Even as a top adviser, he read voraciously (especially literature) and championed novels such as Anatoly Rybakov’s “Children of the Arbat” against the censor.

“What influenced Chernyaev and his closest contemporaries most profoundly was what he terms a ‘cult of culture’ — a passion for literature, history, and ideas — that understood Russia is an inextricable part of Western civilization,” Robert English, a scholar of international relations and Slavic languages and literature, wrote in an introduction to Chernyaev’s memoirs, “My Six Years with Gorbachev.”

Those dormant proponents of the new thinking were energized by the rise of Gorbachev, whose support for reform was “like a ray of light,” said Svetlana Savranskaya, a senior research fellow at George Washington University’s National Security Archive who edited the translations of the meticulous diaries that Chernyaev had kept since 1972.

Chernyaev was effusive in his praise of Gorbachev, particularly in the latter’s early years as general secretary of the Community Party from 1985 to 1987.

“We’ve got a rare leader: a very smart man, educated, ‘alive,’ honest, with ideas and imagination. And he is brave,” Chernyaev wrote in January 1986, shortly before he was tapped as foreign policy adviser.

That admiration was strained in the later years of perestroika. He recognized early the growing backlash against Gorbachev, and dictated a scathing letter of resignation following the deaths of anti-Soviet protesters in Lithuania in 1991. He never submitted it.

At times, his prose could cut.

“He is isolated,” he wrote of Gorbachev on July 8, 1990, during the last congress of the Communist Party of the Soviet Union. “He blames his opponents for not realizing that we are living in an already different society. But he does not realize it himself, because his view of ‘a different society’ does not correspond to what it is in reality. And for the most part, in reality it turned out to be bad, not good — as he expected it to be when he gave it freedom.”

Anatoly Sergeevich Chernyaev was born in Moscow on May 26, 1921, into the family of a former tsarist officer.

He fought against Nazi Germany during World War II as a platoon commander in the Baltics, hiding a lifelong asthmatic condition to avoid disqualification from military service.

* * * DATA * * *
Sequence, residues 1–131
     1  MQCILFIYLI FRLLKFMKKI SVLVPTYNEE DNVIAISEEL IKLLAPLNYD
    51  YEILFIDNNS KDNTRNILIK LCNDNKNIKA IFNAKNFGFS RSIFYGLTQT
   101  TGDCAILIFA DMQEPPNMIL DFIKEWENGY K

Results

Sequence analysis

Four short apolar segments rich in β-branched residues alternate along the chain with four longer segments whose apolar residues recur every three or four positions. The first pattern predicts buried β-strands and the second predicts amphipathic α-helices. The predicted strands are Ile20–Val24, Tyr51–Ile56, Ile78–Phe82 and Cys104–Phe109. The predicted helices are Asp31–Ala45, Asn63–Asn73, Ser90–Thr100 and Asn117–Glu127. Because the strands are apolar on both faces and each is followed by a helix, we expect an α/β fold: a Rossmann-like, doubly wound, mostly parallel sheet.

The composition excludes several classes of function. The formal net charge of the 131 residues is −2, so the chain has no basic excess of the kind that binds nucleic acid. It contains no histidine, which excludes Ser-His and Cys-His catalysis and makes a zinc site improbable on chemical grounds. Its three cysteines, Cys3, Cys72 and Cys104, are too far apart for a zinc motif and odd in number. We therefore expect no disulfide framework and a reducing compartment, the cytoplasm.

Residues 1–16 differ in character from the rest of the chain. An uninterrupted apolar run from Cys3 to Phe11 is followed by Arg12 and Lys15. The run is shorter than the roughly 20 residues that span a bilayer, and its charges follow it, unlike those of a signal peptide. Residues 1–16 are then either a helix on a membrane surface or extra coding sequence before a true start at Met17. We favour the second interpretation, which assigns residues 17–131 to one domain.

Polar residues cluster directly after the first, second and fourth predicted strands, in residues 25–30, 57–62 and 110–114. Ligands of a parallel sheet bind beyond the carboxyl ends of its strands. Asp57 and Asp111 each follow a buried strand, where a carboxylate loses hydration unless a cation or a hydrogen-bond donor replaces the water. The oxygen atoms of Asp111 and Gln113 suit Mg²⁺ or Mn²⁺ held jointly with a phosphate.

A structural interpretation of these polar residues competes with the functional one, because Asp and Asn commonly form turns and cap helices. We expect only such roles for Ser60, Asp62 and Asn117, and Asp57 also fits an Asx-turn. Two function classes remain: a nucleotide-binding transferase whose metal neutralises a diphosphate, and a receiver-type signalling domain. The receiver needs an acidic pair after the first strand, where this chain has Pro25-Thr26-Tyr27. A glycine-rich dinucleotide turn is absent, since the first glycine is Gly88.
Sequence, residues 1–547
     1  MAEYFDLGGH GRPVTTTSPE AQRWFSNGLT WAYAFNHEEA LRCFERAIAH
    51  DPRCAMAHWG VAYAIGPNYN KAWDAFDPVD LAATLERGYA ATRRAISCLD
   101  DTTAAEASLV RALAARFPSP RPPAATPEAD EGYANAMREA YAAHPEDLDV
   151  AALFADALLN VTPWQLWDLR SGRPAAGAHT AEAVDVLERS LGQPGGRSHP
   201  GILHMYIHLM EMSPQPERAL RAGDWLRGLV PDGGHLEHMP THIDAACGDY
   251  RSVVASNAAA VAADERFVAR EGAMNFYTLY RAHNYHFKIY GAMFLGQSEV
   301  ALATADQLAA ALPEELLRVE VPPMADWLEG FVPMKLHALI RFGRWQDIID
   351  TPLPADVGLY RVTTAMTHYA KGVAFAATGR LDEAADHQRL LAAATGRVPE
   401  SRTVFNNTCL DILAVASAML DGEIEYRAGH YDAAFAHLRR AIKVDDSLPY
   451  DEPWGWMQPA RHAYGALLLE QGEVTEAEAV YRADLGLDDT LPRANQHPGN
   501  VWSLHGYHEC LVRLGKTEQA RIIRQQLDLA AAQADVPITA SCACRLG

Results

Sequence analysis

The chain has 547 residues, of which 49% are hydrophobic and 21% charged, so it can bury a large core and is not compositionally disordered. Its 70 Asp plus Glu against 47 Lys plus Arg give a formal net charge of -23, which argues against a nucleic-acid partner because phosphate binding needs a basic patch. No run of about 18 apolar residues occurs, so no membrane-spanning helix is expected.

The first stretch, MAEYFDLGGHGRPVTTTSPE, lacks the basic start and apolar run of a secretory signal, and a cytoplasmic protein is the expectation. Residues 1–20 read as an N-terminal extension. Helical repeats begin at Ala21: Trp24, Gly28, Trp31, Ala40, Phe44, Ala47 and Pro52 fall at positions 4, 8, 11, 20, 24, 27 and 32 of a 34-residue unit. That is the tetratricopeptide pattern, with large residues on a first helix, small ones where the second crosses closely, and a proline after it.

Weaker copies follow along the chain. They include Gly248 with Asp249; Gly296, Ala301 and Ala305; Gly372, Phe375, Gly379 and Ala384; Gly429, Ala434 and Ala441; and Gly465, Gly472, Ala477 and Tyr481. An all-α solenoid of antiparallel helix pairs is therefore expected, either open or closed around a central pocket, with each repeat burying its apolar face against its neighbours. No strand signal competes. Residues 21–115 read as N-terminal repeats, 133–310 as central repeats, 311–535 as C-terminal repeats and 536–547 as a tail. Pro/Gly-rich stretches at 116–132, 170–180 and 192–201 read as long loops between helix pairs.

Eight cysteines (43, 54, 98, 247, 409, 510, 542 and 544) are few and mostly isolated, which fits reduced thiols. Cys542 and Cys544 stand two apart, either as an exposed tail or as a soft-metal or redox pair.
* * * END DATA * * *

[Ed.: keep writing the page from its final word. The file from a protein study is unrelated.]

After returning from war, he graduated with a history degree in 1949 from Moscow State University and then taught at his alma mater for much of the next decade. After a three-year stint working in Prague at the magazine Problems of Peace and Socialism, an unintentional incubator for liberal Soviet officials, he joined the international department of the Central Committee of the Communist Party of the Soviet Union. He became deputy head of the department in 1970.

He was considering retirement by the time Gorbachev hand-picked him as his foreign policy adviser 16 years later.

“I’m tired,” he wrote then in his diary. “I am 65, I want a steady life, more rest and more time for myself, books, exhibitions, theater, the Conservatory, for the loved ones and other women. The bustling position of an adviser does not suit me.”

Nonetheless, he consented.

His wife of 47 years, the former Genya Solomonovna Vaynberg, died in 2005. Survivors include his companion of 12 years, Lyudmila Rudakova of Moscow; a daughter from his marriage, Anna Chernyaeva of Moscow; and a grandson.

After 1991, he collaborated with the Gorbachev Foundation and also published books. In 1994, he donated the copies of his diaries covering 1972 to 1991 to the National Security Archive, an anti-secrecy organization. Savranskaya said he did so because he feared they may not remain publicly accessible in Russia.

His views had soured about the political direction of Russia recently under President Vladimir Putin. “He was grieving,” Savranskaya said. “The political direction was so dark and negative, that sometimes he would say, ‘I wish we didn’t live to see it.’ “